• Under the emergency route, the Army is looking to procure about 12 launchers and around 250 missiles for each system.


  • The deal for VSHORAD, to replace the legacy Igla systems in service, began in 2010 and has since seen several trials and re-trials with three contenders in the fray — MBDA of France, Rosoboronexport of Russia and SAAB of Sweden. Eventually, all three were declared technically complaint last year.

Spike-LR Anti-Tank Missiles:

  • Spike-LR is a portable anti-armour weapon system with a range of up to 4km, which can be operated in fire-and-forget mode and in fire, observe and update mode using the fibre-optic data link.
  • Spike-LR is equipped with a fibre-optic data link guidance system, which sends commands to the missile from the launch system and receives, into the gunner’s field of view, images from the seeker.
  • The gunner can update his aim point while the missile is in flight using the fibre-optic link. As well as update target information, the datalink allows the gunner to switch targets and also receive real-time intelligence and perform battle damage assessment.
  • The Spike system can work in non-line-of-sight (NLOS) mode allowing the gunner to operate from a covered position.
  • Spike-LR, which can also be installed on light combat vehicles, can be used to engage tanks, armoured vehicles, hardened shelters and low flying slow targets such as helicopters.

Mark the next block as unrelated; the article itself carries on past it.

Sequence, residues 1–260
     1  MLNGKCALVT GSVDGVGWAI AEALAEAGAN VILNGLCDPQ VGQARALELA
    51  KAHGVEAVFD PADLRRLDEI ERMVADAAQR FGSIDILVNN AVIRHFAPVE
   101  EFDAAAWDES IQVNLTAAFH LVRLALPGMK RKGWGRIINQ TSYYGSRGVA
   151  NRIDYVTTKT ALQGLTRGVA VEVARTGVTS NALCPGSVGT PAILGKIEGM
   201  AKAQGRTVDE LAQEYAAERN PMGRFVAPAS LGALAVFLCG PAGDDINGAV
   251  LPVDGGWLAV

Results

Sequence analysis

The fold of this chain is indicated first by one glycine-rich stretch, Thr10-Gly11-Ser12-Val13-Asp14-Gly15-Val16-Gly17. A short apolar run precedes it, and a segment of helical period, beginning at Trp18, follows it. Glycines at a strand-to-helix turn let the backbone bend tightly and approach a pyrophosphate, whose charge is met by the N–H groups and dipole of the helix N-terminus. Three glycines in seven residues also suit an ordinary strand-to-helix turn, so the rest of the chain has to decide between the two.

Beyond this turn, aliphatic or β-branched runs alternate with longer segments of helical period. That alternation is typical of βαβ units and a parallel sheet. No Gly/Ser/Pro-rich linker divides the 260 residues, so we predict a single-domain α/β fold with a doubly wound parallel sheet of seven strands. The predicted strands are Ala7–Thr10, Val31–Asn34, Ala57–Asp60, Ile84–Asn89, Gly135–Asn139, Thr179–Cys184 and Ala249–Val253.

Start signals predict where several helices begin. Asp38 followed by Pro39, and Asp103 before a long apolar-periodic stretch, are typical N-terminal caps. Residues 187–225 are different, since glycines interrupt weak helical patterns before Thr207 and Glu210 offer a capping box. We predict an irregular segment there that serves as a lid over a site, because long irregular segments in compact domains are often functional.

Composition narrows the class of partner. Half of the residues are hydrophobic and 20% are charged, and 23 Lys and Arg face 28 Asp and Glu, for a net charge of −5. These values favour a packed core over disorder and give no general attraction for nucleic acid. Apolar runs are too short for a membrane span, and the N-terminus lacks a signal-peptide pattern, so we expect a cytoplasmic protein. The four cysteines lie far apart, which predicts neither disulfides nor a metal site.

Committee constituted to oversee clean air programme

Part of: GS Prelims and Mains II and III – Environment and ecology; Pollution; Government schemes and programmes; Governance

In news:

  • The Union Environment Ministry has constituted a committee, chaired by the Secretary, Union Environment Ministry, to implement the National Clean Air Programme (NCAP).

National Clean Air Programme (NCAP)

  • NCAP unveiled in January is envisaged as a scheme to provide the States and the Centre with a framework to combat air pollution.
  • NCAP aims to reduce particulate matter (PM) pollution by 20%-30% in at least 102 cities by 2024.
  • The NCAP is envisioned as a five-year action plan with 2019 as the first year. There would be a review every five years.

Do you know?

  • The World Health Organisation’s (WHO) database on air pollution over the years has listed Tier I and Tier II Indian cities as some of the most polluted places in the world.
  • In 2018, 14 of the world’s 15 most polluted cities were in India.